A genuine reconciliation is one that recognizes the differences among the parties involved but insists that such parties are able to live together in harmony and peace. A genuine reconciliation is based on viable dialogue. Arab Evangelical Christians need to keep focused on bringing the gospel of Jesus Christ to all, but at the same time, they should be working to reconcile their families, societies, communities, and countries. This is not an easy task.
Nowadays, the Lebanese people, divided, announce their politics with colors. Orange, green, yellow, and pistachio identify the opposition camp while blue, dark green, red, and white identify the loyalists' camp. Neighbors in one building display signs and flags showing various political opinions. Colors are displayed on flags, billboards, T-shirts, stickers, even caps of bottled water.
On my way to Beirut yesterday, I saw a new color on billboards and signs. It was white. The billboards with a pure white background carried writings such as: "We are fed up with colors!" "No more divisions: We all together make up Lebanon." "We're the Middle Way."
As I passed these billboards, I thought about Lebanese evangelicals, including myself. Where do we stand in the recent conflict? Are we taking a one-sided stand? As a Lebanese evangelical, I believe that I cannot stand wholeheartedly in either camp. I would like to seek another way, a middle way that is authentically Christian, based on biblical principles of respect, care for others, human rights, and social justice. Is our voice being heard clearly in Lebanon? Do we address actively, wisely, and intelligently the issues that face our Lebanese society? Do we dare to dream of a new Lebanon for our children and us? A new Lebanon where democracy is a model for other Middle Eastern countries, a Lebanon where Christians and Muslims are able to coexist in harmony, a Lebanon from which the light of the gospel shines throughout the Middle East, a Lebanon that is free of corruption and injustice, a Lebanon that interacts with the West and the East without being controlled by either?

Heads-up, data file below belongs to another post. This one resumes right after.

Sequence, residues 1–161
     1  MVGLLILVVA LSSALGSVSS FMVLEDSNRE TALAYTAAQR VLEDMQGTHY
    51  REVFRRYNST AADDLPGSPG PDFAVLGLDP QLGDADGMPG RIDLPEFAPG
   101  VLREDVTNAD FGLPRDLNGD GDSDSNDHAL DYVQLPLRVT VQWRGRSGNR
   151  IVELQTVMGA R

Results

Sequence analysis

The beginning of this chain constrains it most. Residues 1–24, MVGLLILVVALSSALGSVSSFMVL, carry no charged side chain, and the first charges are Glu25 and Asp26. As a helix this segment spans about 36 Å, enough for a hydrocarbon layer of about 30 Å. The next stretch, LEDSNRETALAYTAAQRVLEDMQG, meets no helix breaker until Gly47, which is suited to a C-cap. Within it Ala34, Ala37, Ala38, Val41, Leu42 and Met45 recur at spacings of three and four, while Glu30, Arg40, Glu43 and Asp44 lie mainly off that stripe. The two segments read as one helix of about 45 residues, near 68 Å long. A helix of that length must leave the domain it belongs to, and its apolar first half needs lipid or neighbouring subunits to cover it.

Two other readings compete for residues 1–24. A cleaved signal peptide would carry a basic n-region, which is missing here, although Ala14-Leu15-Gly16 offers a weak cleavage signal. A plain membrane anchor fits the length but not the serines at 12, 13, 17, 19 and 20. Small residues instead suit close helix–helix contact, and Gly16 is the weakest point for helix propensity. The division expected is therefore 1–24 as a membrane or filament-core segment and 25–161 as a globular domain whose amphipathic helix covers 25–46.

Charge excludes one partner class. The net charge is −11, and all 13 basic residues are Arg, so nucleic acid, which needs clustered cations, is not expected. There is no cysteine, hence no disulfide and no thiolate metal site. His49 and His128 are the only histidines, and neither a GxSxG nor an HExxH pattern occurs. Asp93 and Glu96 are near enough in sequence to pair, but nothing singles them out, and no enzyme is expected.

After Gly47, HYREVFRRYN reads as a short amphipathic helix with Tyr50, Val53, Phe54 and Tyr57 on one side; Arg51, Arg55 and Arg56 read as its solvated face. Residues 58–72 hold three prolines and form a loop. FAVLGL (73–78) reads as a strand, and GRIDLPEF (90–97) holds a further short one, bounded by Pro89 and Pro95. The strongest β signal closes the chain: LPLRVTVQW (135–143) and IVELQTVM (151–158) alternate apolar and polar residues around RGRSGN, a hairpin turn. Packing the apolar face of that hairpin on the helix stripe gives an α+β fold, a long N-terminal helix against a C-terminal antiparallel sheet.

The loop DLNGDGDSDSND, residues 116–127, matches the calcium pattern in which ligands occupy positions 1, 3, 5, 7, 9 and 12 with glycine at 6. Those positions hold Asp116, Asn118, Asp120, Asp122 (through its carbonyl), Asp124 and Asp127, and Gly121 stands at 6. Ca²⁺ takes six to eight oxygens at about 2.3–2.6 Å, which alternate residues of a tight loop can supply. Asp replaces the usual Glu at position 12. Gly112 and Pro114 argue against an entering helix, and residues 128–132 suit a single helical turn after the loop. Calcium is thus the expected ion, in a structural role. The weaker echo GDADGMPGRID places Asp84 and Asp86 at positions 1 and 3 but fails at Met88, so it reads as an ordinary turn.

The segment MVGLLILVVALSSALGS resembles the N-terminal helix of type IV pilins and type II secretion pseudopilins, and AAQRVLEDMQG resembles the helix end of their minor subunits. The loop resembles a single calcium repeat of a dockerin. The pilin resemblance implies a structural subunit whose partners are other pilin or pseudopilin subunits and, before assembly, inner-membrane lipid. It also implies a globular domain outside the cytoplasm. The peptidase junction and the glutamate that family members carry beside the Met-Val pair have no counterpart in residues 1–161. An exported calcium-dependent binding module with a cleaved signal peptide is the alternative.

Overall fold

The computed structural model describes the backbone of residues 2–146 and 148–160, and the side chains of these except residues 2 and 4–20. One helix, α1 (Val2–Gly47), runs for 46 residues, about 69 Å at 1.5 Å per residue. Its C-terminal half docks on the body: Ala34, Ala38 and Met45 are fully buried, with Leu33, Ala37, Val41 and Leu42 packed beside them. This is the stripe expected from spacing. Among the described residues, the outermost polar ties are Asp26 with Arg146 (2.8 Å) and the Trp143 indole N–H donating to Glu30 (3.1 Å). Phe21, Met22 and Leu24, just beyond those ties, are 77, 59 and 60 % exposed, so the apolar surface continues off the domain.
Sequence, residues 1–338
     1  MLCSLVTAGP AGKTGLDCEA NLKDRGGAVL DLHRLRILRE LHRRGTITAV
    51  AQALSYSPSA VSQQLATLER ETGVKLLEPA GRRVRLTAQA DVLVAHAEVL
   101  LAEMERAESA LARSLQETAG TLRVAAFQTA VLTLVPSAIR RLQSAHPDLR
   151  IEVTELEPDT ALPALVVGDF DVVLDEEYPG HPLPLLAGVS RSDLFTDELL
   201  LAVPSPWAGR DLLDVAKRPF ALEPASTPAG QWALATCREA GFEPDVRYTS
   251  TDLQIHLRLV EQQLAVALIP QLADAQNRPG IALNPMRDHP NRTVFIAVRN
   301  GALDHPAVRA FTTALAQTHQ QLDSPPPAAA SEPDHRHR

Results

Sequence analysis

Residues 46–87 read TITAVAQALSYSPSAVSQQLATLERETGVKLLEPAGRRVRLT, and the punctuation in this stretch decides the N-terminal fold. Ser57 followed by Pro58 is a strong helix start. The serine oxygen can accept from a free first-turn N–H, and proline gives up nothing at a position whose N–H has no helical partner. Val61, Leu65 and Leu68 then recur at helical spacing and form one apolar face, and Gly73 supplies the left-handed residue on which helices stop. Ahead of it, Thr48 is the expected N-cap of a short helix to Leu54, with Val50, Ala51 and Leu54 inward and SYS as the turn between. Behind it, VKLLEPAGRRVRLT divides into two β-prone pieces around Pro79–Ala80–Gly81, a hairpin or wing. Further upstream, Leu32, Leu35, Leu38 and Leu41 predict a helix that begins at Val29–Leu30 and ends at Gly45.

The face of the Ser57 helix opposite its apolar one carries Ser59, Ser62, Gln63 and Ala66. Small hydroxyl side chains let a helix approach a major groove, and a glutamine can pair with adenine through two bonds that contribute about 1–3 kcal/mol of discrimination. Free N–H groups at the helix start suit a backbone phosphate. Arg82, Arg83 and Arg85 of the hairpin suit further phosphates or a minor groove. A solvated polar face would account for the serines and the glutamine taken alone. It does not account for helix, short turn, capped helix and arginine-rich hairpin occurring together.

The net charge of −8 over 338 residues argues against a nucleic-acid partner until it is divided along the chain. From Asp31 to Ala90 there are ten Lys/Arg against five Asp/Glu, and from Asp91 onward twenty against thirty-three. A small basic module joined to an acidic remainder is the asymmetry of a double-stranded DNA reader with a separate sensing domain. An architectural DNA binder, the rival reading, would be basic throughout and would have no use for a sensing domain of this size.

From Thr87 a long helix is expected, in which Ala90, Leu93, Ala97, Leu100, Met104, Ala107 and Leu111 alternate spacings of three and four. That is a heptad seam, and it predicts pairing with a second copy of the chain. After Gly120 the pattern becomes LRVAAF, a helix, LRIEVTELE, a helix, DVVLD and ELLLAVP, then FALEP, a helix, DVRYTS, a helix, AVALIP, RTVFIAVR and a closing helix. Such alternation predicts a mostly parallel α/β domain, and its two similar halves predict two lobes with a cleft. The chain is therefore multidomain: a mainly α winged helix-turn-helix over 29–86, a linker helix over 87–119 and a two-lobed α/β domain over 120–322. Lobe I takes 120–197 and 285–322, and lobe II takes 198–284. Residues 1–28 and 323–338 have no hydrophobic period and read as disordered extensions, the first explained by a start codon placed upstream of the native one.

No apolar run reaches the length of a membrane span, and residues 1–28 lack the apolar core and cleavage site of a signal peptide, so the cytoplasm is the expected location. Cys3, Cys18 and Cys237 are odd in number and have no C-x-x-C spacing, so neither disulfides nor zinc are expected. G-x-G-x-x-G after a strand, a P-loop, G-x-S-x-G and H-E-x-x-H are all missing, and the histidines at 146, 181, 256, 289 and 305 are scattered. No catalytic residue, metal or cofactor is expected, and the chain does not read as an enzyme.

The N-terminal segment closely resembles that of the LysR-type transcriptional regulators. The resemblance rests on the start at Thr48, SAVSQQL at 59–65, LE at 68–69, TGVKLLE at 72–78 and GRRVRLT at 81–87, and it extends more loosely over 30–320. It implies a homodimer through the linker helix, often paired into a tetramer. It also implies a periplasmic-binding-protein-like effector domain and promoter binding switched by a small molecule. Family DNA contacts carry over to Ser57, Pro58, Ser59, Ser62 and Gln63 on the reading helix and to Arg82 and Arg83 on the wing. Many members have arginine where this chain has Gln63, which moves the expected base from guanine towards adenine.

Rabbinic tradition tells this story of how the rainbow was created: There was a fight between the sun and the clouds (waters). Each tried to assert its importance over the other and to show its might and power. After much discussion and disagreement, God spoke. He decided to bring the sun and the clouds together and formed the rainbow.
It is my hope that Lebanese people will come together in a real spirit of reconciliation to form a rainbow. It is my prayer that American and Lebanese sisters and brothers would come together in real partnership to bring God's peace, promise, and reconciliation to this suffering region. May the colors of disunity in Lebanon become the united colors of love and peace.
Riad A. Kassis is Overseas Council International's regional director for Middle East and Eurasia. He is based in Zahle, Lebanon.
Copyright © 2007 Christianity Today. Click for reprint information.
For another view of the crisis in Lebanon, read Martin Accad's "The 'Jesus Manifesto' for Lebanon."
Recent news from Lebanon includes:
Fears of Lebanon civil war increase as gun sales tripled | Gun sales in Lebanon have tripled since the current standoff between the government and the Hezbollah-led opposition began, prompting concern that political factions are rearming. (Ya Libnan)
Students return to Lebanon's universities | Classes resumed Monday at a university in the heart of Beirut where a cafeteria political spat mushroomed into street riots that killed four people in the worst sectarian violence since Lebanon's civil war. (Ya Libnan)
Lebanon going through an alarming brain drain | Beirut- Two years ago, Ossama Kabbani was the poster boy for the newly rebuilt downtown Beirut. (Ya Libnan)
Lebanon's Sunni Clerics Issue Fatwa | Fearing a slide into civil war, Lebanon's top Sunni Muslim clerics published a religious edict on Friday prohibiting Muslims from killing their fellow countrymen, particularly other Muslims. (The Associated Press)